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Medical Loss Ratio Rebates

Employers only have 90 days to complete distributions of Medical Loss Ratio Rebates.

In August of this year, some employers with fully insured employee health benefit plans will receive a Medical  Loss Ratio (MLR) rebate. These rebates are mandated under the Patient Protection and Affordable Care Act (PPACA) in the instance where health insurers did not spend at 80% of the prior year’s health premiums directly on the delivery of health care services.  The rebates will be issued by August 1, 2014 for premiums that were collected during the 2013 calendar year.

Once employers receive these rebates, they only have 90 days to complete their handling and distribution of the rebate in order to be in compliance with the law.

The good news is that employers have some discretion in deciding how to distribute these funds.  For example, if tracking down and issuing checks for former employees is prohibitively expensive or time consuming, the employer can decide to limit the rebate to currently active employees.

Is the Rebate Part of Plan Assets?

When it comes to deciding how to distribute these rebates, it must be determined if whether the rebate is considered part of the health insurance plan’s assets.  If the group insurance policy is in the name of the group health plan rather than the employer, then the rebate is considered a plan asset and must be used solely for the benefit of the plan participants.

If the plan document does not define plan assets, employers then need to determine what portion of the rebate, if any, should be attributed to employee contributions.  In general, a rebate on any amount of health insurance premiums paid by the employer is not considered plan assets, while a rebate of any amount of health insurance premiums paid by employees is considered plan assets.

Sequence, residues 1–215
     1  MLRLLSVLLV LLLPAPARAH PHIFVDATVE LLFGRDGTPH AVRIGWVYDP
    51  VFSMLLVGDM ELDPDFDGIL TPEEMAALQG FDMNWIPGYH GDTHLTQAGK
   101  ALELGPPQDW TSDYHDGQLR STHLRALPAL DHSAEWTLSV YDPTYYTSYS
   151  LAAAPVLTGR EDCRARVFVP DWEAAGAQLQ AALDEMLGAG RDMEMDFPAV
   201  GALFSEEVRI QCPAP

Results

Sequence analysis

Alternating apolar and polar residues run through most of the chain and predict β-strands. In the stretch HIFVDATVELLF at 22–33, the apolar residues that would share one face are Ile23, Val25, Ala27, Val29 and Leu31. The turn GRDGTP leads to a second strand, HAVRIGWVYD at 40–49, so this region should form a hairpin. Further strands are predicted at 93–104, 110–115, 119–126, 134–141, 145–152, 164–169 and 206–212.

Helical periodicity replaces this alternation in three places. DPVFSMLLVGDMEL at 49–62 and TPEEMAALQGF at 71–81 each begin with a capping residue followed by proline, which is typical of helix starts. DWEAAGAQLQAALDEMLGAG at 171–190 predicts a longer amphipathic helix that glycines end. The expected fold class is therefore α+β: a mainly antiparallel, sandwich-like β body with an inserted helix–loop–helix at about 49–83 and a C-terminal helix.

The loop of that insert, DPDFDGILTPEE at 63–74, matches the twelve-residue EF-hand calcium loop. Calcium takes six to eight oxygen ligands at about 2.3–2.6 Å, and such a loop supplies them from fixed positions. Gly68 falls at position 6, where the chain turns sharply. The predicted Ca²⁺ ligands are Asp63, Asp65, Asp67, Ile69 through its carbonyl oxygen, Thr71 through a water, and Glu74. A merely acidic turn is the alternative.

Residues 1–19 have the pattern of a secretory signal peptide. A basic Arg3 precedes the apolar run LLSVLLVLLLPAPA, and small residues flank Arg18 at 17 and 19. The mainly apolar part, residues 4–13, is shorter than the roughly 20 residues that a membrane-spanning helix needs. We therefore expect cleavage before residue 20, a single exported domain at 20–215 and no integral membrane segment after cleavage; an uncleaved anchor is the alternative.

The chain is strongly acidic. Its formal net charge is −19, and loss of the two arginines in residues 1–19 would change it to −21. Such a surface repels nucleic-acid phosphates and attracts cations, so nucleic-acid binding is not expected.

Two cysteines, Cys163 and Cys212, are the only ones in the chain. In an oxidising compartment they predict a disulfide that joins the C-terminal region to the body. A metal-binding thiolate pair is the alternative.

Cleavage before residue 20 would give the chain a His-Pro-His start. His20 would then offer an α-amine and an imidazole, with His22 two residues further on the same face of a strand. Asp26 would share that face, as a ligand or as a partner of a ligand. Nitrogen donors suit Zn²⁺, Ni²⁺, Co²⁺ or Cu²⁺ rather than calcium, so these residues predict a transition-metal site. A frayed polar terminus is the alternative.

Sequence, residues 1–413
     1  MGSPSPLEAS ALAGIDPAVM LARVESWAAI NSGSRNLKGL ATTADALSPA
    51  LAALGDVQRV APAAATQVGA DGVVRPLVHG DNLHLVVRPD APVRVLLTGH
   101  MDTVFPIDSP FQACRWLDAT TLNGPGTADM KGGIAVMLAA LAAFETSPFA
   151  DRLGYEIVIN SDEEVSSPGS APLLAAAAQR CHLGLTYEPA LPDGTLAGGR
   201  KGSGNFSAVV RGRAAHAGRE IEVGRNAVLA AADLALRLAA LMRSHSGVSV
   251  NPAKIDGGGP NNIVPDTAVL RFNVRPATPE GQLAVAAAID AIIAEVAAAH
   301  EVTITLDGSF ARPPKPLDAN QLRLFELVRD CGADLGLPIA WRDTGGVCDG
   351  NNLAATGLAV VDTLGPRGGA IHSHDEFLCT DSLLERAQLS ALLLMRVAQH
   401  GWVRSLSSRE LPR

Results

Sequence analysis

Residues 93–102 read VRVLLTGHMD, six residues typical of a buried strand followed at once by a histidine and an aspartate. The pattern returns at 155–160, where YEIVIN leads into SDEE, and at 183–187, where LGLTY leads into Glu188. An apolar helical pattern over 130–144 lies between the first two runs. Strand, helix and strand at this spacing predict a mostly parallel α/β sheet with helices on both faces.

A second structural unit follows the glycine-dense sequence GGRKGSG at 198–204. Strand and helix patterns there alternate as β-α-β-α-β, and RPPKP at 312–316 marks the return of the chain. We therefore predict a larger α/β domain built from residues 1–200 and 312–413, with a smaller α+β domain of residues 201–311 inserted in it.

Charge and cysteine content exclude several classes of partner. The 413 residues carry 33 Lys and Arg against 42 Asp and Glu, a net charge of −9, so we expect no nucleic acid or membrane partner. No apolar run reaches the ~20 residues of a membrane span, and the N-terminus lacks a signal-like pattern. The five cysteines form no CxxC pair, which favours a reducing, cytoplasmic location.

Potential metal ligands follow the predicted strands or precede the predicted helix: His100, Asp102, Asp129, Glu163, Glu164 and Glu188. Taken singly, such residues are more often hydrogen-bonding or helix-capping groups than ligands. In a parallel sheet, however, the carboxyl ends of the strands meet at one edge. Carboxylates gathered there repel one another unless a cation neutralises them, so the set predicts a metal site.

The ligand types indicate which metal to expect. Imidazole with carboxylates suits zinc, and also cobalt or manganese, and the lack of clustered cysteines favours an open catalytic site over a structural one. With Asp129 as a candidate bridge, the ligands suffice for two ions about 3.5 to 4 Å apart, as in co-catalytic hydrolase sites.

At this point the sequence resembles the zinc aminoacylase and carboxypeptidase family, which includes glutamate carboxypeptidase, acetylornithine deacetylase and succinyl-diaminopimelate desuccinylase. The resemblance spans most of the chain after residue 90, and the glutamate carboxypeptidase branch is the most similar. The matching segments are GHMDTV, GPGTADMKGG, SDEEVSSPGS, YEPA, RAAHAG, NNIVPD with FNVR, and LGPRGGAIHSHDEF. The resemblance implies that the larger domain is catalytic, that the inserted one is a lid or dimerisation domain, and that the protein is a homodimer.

Let’s explore three potential scenarios:

  1. If the employer paid the entire premium during the calendar year and did not collect any contributions from employees, then the rebate is not part of plan assets and the employer is allowed to keep the entire rebate.
  2. If employees covered the entire cost of the health insurance premiums, the entire rebate is considered plan assets and is required to be used for the sole benefit of the participants.
  3. If both the employer and their employees contributed a portion to the health insurance premiums, employers will need to determine how to allocate the appropriate portion of the rebate that is to be used for the sole benefit of the participants.

These are complicated decisions that impact an employer’s fiduciary duty as a health insurance plan sponsor, so employers should contact legal counsel to aid them in making their decisions.

Communication is Key

If the employer decides not to issue rebate checks to individual employees, it is important for employers to communicate that decision to employees and the reason for it as soon as possible.

In some cases, employers are going above and beyond of what is required by giving the entire rebate back to employees because they wish to avoid questions and complaints from the employees.

In addition, the rebate is not required to be distributed in the form of a check.  Employers may use the rebate to do some sort of premium holiday or benefit enhancement as long as they are using the money from the rebate on behalf of the employees.

Rebate Options:

  1. The rebate can be paid to the participants under a fair and equitable allocation method, such as a money payment to employees.  What is “fair and equitable” is undefined, allowing the employer the ability to decide if any future premium reduction or refund payment should be divided evenly among the employees based on the actual total premium payment or divided based on a weighted average using the amount each individual employee paid (i.e., single rate versus family rate).
  2. The employer can apply the rebate toward future participant premium payments by reducing the impacted employees’ salary reduction contributions for a specified period.
  3. The employer may use the rebate to provide enhanced benefits for the participants. 
  4. Enhanced benefits are not defined, but they are generally understood to mean an improvement to the group health plan’s benefits or providing an enhanced health related benefit to beneficiaries.

Even if employers did not receive a rebate this year, the Medical Loss Ratio (MLR) rebates will be an annual rite for insurance companies that do not maintain an appropriate MLR in their administrative operations.  Therefore, employers would be wise to consider how they will handle a rebate situation in the future and take necessary steps to improve the process if they have received a rebate this year.